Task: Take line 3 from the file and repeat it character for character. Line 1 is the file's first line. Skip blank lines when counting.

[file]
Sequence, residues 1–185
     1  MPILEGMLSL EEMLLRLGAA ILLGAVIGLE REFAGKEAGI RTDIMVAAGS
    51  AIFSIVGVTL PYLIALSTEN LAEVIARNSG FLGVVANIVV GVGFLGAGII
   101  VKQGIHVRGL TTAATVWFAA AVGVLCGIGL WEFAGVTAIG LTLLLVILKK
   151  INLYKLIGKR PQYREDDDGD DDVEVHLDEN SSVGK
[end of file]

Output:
    51  AIFSIVGVTL PYLIALSTEN LAEVIARNSG FLGVVANIVV GVGFLGAGII